Organizations must carefully consider how the physical environment is designed to impact Gen Z workers the most. Much of this comes down to creating a place that benefits employees. The younger generation is looking for an organization that allows hybrid work, has an office space that fosters creativity and socialization, and provides a safe setting to express themselves to their peers and leadership.

In practical terms, Gen Z is looking for an open floor plan that gives them complete visibility of who’s in the office. Of course, there should be options for privacy, especially regarding closed-door meetings and heads-down time. Technology must be integrated throughout this environment and inform employees in the building, where they’re sitting, and what’s happening in different collaboration spaces.

They also want a company that embraces consumer-quality tech in the workplace to enhance their workplace experience. This requires organizations to rely more on sensor data that provides the necessary insights on movement in the office, identify ‘cold spots’ that are not fully optimized, and flag any other potential efficiency bottlenecks in the physical environment.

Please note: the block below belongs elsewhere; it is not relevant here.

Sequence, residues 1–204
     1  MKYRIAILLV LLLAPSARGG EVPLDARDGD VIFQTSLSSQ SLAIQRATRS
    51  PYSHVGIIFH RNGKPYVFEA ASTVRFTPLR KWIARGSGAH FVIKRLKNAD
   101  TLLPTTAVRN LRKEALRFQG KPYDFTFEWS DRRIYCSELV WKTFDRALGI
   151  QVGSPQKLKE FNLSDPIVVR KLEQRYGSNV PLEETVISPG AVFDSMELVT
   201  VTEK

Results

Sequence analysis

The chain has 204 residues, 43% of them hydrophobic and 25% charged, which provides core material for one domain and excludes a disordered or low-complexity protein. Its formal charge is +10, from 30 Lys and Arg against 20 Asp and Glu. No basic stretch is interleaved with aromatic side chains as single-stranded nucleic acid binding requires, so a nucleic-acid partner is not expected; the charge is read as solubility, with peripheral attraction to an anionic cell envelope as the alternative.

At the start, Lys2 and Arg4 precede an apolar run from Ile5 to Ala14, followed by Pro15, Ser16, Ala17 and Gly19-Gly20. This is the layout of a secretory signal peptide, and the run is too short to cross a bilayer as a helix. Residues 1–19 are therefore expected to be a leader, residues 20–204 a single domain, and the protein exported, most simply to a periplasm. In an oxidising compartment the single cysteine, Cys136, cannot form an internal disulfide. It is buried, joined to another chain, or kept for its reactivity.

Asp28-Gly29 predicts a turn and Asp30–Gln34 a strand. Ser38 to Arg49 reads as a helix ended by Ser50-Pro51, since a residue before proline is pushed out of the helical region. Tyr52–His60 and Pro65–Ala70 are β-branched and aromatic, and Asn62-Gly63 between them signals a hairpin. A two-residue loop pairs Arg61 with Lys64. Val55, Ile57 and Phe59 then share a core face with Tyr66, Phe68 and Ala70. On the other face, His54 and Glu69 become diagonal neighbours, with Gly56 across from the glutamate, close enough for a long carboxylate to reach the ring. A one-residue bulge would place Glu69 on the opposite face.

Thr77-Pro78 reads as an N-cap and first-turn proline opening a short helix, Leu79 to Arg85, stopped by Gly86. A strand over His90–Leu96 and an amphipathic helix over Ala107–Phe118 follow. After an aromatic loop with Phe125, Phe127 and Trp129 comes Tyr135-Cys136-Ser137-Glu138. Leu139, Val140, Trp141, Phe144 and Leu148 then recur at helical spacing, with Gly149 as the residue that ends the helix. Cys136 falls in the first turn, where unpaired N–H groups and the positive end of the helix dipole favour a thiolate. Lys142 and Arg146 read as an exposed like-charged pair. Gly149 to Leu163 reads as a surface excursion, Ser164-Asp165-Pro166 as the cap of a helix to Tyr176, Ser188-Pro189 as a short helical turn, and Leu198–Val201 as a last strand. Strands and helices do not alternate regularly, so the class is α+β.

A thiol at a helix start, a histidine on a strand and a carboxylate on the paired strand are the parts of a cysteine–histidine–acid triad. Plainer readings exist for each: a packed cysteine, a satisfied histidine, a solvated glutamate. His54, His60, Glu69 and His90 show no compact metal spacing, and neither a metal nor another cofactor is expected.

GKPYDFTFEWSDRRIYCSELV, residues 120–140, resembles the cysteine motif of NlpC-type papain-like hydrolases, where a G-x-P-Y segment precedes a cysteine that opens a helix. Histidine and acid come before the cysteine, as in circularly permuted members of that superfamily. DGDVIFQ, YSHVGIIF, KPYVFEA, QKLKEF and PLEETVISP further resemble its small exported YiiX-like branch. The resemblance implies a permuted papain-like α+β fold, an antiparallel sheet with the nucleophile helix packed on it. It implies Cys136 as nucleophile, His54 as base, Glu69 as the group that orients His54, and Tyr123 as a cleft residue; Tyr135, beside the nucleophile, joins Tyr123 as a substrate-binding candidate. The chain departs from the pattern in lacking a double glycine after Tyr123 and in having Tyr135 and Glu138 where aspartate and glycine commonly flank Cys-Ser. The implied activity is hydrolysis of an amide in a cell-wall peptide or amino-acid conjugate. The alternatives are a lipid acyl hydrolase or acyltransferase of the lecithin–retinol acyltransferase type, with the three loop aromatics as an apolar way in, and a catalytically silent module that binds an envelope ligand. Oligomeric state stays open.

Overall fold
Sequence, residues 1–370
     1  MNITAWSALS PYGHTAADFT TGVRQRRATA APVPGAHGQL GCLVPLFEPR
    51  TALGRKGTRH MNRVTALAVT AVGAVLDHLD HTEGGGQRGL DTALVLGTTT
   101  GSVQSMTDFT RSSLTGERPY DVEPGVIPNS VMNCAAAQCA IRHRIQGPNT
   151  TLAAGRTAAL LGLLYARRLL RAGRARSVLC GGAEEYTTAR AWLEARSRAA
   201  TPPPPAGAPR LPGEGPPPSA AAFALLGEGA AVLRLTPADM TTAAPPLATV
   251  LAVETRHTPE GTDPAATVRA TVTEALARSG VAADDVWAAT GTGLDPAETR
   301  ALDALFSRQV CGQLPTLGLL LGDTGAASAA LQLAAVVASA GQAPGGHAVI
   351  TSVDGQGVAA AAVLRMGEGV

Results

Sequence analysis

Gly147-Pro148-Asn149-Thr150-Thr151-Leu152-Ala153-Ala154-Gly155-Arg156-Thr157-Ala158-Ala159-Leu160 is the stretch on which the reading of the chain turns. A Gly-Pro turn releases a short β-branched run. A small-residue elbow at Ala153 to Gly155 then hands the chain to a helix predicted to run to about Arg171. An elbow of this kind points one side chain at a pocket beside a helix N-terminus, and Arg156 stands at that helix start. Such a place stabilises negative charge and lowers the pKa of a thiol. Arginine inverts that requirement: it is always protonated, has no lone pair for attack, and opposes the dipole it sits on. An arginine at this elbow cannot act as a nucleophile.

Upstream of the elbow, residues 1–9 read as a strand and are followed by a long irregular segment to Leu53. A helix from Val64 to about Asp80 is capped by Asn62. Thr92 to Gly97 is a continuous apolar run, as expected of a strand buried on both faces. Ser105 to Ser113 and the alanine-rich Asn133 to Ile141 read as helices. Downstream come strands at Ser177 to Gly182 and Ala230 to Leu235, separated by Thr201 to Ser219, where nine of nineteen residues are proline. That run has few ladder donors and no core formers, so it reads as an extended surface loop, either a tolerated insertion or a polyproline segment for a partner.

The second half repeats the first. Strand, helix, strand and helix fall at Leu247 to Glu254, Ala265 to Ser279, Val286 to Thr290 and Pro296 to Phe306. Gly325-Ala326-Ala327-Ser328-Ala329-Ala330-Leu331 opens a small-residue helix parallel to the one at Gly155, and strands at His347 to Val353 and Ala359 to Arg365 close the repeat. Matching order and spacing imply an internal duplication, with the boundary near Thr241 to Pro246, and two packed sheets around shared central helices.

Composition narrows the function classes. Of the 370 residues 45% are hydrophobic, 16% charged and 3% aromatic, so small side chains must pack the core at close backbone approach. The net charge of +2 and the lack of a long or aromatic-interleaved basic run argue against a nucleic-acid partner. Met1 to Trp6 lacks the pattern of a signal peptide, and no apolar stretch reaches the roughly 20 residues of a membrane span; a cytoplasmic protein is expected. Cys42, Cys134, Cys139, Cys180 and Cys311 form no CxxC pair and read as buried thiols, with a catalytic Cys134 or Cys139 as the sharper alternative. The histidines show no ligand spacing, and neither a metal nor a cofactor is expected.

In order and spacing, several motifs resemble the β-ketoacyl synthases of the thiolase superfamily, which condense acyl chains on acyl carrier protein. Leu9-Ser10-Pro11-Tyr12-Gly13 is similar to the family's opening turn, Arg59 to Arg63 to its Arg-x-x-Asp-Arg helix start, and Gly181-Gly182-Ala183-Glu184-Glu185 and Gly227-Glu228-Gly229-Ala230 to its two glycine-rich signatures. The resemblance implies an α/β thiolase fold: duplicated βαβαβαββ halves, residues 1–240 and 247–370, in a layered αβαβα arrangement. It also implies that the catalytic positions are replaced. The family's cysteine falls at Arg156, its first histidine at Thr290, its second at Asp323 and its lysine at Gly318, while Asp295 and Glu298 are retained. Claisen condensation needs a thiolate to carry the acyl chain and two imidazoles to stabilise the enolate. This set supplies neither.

Gen Z knows how to advocate for themselves. They expect an office environment that’ll mitigate the risks of potential burnout. More than a water cooler and coffee station will be required. They want an environment that can provide perks like breakfast and lunch, planned activities that build upon their competitive nature, and ways to collaborate with leaders to increase communication and inspire professional development. It’s as much about breaking down traditional hierarchies as it’s about empowering Gen Z with access to people in senior positions in a more democratized way.

Technology changes to keep up with life outside of work

Gen Z is fearless in research and due diligence. Using software like FMS:Employee gives them access to interactive floor plans and options to reserve a desk from their phones. Then, when deciding whether to go to the office, employees can quickly search to ensure their work ‘besties’ are in and reserve a desk next to (or away from) them.